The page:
States like Illinois, Kansas, Pennsylvania, and Michigan use VPA funds to support walk-in access in a number of ways: by compensating landowners for opening their lands, posting signs on the property and publishing the location of access points in brochures and online, improving habitat, repairing roads and fences, patrolling access points for poachers, and sometimes covering the costs of liability insurance for landowners, in case someone gets hurt on their property.

East of the Mississippi, where some states are 99 percent privately owned, this is critical access that might mean the difference between taking a kid on his or her first hunt and not passing the tradition on at all.

“Funds from this program have grown Pennsylvania’s existing Hunter Access Program, providing more places for parents to teach their children about an important American tradition,” says Rep. Thompson. “Sportsmen and women on the east coast deserve to enjoy convenient access to the outdoors, even in states that are mostly private land, and this bill will support the landowners who want to help provide it.”

“Hunting and fishing are part of Michigan’s culture and heritage, and continuing to expand sportsmen’s access and opportunity is important to continuing these rich traditions,” says Rep. Dingell.

Members of the Senate and House Agriculture Committees are currently drafting the 2018 Farm Bill for introduction this spring. Language from the VPA-HIP bills in both chambers would hopefully be rolled into that legislation, and with broad bipartisan support, reauthorization of the program is not likely to be contentious, though funding levels will be up for debate.

“If we have any hope of growing the next generation of sportsmen and women to sustain these traditions, we need quality places to hunt and fish all across the country, not just in states that look like Montana,” says Whit Fosburgh, president and CEO of the Theodore Roosevelt Conservation Partnership. “Enhancing the voluntary public access incentives in the Farm Bill has long been a part of TRCP’s mission and we’re proud to see lawmakers on both sides of the aisle embrace this solution.”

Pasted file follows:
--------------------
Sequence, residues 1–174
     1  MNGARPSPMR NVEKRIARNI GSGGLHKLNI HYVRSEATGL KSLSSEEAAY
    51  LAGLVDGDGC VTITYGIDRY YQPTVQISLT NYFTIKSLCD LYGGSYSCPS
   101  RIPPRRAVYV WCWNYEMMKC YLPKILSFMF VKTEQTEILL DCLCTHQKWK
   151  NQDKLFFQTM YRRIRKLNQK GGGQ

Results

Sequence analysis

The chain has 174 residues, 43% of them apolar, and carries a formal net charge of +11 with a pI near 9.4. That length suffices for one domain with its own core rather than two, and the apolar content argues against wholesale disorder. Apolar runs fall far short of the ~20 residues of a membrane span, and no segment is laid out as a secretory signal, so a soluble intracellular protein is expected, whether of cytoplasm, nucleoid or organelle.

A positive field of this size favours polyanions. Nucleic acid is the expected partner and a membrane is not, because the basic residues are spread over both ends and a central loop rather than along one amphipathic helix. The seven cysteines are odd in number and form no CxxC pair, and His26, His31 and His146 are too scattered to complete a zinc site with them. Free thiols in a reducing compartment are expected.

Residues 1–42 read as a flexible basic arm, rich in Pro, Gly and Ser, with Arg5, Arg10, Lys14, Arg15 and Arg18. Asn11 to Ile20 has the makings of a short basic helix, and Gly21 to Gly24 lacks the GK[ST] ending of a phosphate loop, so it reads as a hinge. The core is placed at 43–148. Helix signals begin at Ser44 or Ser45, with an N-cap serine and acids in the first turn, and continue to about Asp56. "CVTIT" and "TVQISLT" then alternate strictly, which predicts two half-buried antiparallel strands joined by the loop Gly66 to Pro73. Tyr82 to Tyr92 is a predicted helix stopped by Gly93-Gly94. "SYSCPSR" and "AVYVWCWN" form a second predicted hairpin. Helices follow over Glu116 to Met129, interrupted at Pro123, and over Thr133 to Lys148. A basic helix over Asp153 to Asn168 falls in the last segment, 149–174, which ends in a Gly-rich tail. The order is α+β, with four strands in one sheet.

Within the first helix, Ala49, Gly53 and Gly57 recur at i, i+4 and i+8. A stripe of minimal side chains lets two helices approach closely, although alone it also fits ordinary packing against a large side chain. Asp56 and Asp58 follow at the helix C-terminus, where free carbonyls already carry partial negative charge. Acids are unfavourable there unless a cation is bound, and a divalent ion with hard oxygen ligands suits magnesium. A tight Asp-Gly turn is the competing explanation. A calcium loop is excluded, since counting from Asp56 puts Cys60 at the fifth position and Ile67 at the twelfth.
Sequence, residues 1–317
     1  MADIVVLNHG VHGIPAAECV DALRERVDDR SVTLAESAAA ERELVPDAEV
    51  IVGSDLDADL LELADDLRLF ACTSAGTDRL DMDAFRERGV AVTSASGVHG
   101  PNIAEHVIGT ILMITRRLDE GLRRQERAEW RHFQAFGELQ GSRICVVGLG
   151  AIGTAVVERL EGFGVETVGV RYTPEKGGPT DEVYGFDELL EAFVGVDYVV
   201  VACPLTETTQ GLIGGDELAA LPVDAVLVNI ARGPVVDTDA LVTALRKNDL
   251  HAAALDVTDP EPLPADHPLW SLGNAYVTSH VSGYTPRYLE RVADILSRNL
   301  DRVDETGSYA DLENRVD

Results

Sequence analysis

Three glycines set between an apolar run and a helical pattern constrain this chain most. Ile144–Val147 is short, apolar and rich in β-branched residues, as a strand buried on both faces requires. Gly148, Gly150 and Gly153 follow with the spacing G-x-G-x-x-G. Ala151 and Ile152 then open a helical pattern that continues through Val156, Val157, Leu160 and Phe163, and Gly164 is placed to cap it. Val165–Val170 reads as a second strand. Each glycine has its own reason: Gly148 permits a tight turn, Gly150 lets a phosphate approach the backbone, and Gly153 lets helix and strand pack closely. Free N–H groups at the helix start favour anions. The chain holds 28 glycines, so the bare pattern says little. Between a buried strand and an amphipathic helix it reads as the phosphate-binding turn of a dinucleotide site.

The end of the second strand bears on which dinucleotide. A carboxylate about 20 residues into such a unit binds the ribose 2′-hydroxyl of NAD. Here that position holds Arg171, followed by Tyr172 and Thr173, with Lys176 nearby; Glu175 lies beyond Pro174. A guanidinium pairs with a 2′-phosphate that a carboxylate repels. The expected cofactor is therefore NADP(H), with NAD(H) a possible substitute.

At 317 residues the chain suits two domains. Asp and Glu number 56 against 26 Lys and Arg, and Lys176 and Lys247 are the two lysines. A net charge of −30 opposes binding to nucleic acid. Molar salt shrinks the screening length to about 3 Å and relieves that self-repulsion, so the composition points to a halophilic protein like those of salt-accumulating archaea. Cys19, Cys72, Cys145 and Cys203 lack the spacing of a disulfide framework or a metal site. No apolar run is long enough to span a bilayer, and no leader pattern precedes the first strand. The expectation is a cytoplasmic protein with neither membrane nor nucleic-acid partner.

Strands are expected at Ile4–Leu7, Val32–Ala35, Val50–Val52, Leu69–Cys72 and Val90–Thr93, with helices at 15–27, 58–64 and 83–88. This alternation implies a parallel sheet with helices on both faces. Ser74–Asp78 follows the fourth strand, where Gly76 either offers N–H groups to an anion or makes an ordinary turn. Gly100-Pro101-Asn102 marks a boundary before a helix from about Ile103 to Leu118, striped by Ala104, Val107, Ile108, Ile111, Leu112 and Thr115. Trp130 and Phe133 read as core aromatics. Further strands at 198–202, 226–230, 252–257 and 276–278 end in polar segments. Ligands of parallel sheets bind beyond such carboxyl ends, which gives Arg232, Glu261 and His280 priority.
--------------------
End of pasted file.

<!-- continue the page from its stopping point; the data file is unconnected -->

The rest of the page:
Learn more about the TRCP’s Agriculture and Wildlife Working Group priorities for the 2018 Farm Bill and explore our new online resource center for sportsmen, lawmakers, and landowners.

Kristyn Brady

February 13, 2018

Trump Budget and Infrastructure Proposals Suggest Hunters and Anglers Must Be More Vocal Than Ever

Though Congress can choose to ignore the president’s recommendations, two documents released Monday indicate that major cuts to conservation could be part of offsetting new costs

If the president’s priorities for the federal budget or a critical infrastructure overhaul are any indication, sportsmen and women will need to speak out against major cuts and dramatic reprioritizations for the agencies that carry out conservation in America and the programs that ensure our ability to find quality places to hunt and fish.

Officially made public yesterday, President Trump’s fiscal year 2019 budget request included $3.7 billion in cuts at the U.S. Department of Agriculture, $1.7 billion in cuts at Interior, and a 23-percent reduction at the Environmental Protection Agency. Many line item reductions seem to be at odds with the administration’s priorities, like enhancing hunting and fishing access. It also suggests slashing multiple programs that help support state efforts to conserve fish and wildlife or match federal grants for projects.